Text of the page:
A #scicommbookforkids for #scicommchall

I hope by now you have heard about my pet project of the moment: #scicommchall! For #scicommchall, I give myself (and quite a few other people by now) monthly challenges related to trying out new science communication formats. And this month, we are doing science communication books for kids! (For more instructions, see #scicommchall’s post. And everybody is welcome to join!).

My book deals with learning to observe where the wind is coming from (English version at the end of this post, too).

I think it turned out quite nicely!

I did struggle a little with the very short format — only six pages inside the book, plus a cover — but quite liked the challenge of having to come to the point.

The flag on the cover, in case you were wondering, is that of my hometown Hamburg.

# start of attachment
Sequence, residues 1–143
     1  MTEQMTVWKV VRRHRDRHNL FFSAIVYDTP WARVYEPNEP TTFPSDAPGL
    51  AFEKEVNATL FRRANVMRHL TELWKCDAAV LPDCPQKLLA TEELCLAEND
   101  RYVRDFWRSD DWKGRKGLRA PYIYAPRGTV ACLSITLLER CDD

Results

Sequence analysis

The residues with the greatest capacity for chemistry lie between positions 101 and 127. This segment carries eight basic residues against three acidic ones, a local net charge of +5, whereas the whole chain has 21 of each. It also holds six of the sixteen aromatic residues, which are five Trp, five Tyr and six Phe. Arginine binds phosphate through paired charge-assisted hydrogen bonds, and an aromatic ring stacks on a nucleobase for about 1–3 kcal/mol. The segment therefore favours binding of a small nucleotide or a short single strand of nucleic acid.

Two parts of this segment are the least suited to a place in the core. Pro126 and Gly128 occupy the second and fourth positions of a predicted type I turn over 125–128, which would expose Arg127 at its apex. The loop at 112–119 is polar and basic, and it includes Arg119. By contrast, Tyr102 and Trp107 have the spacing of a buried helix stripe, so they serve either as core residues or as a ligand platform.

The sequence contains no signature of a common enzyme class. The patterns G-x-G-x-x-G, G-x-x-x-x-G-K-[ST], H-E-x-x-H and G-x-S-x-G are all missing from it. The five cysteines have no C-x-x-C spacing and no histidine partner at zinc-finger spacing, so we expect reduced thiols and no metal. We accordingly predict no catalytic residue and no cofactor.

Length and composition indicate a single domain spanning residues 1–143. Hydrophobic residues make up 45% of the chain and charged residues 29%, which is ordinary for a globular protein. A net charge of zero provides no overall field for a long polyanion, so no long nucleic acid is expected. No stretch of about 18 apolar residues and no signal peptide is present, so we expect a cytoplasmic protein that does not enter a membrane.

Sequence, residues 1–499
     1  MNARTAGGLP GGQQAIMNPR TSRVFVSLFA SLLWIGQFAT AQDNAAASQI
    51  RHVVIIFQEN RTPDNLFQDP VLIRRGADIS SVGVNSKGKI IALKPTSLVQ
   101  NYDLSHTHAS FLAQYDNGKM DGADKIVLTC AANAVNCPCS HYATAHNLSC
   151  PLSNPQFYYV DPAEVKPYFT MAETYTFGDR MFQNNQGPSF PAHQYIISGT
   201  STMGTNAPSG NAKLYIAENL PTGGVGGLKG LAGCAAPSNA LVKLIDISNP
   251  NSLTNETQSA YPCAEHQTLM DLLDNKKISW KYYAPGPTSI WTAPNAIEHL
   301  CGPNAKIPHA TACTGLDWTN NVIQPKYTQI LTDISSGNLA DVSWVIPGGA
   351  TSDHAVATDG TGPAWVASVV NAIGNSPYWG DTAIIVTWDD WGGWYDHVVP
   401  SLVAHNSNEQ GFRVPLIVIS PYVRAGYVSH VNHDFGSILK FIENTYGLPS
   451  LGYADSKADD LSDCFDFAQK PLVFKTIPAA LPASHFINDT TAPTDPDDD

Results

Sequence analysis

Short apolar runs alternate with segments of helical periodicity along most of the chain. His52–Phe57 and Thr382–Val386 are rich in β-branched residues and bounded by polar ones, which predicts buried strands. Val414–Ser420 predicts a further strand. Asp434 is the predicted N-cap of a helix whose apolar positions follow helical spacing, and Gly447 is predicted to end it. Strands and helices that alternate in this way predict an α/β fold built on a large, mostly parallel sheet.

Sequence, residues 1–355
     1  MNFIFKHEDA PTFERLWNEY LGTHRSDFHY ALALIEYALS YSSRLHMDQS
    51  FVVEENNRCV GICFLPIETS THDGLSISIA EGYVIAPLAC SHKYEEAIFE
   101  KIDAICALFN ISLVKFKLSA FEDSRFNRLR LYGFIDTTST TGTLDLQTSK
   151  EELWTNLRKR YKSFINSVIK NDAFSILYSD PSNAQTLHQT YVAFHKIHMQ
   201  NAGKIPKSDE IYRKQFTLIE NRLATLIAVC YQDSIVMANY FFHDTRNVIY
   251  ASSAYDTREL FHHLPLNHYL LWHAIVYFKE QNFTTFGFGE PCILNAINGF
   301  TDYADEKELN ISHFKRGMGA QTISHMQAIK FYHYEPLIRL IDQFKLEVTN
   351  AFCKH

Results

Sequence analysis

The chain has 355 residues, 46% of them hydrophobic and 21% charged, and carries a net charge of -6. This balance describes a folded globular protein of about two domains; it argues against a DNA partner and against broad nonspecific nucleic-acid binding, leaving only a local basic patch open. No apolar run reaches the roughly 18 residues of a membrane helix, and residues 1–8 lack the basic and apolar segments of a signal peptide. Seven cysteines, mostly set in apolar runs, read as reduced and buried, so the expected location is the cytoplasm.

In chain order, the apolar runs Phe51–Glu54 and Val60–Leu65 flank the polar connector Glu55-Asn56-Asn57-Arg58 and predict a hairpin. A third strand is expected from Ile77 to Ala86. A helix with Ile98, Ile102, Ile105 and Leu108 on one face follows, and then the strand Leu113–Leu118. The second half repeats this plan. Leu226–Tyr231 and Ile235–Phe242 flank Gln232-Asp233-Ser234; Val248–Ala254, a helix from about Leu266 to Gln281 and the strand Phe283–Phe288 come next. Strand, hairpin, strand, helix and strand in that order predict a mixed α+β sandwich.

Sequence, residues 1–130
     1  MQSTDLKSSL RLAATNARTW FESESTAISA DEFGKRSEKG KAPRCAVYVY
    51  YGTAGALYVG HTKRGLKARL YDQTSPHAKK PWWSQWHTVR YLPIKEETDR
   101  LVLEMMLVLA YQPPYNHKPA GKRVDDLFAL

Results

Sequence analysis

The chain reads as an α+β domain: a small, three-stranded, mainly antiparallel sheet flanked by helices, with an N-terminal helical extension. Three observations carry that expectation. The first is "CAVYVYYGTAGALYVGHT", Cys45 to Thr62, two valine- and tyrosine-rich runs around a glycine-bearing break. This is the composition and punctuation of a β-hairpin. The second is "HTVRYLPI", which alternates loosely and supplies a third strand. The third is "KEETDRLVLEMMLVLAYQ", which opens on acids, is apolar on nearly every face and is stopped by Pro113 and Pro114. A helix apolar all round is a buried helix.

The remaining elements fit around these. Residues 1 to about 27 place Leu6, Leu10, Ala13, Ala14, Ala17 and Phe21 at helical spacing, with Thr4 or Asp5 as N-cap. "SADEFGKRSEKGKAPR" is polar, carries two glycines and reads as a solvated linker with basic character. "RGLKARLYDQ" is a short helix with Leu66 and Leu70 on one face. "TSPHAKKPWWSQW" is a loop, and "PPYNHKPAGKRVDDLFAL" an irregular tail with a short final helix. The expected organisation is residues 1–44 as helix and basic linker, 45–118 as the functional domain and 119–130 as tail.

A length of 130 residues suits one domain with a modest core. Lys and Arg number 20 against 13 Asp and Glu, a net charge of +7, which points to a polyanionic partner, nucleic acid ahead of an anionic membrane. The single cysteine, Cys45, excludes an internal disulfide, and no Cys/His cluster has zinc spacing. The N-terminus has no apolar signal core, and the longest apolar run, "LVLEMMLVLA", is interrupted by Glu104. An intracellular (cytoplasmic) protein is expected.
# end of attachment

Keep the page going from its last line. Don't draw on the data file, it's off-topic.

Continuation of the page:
I hope this book is actually useful and fun for kids (I did include some kids’ humor, or at least I tried ;-))

And I know what I would include if I wasn’t too lazy to re-draw the images: A question about on which side of some kind of structure one would sit down if one wanted shelter from the wind. Bummer I forgot to include that!

Anyway, here is the download (German & English). Please let me know what you think, I’d love to get some feedback!

Click to download

5 years of blogging on “Adventures in Oceanography and Teaching” today!

5 years of “Adventures in Oceanography and Teaching”!

Today I am celebrating my blog’s 5th Birthday! 5 years of documenting my “Adventures in Oceanography and Teaching”. That feels both like an enormous amount of time, while at the same time it feels like only yesterday that I started one evening on the spur of the moment while sitting on the couch at my friend A&I’s former apartment, babysitting (Happy anniversary, A&I!).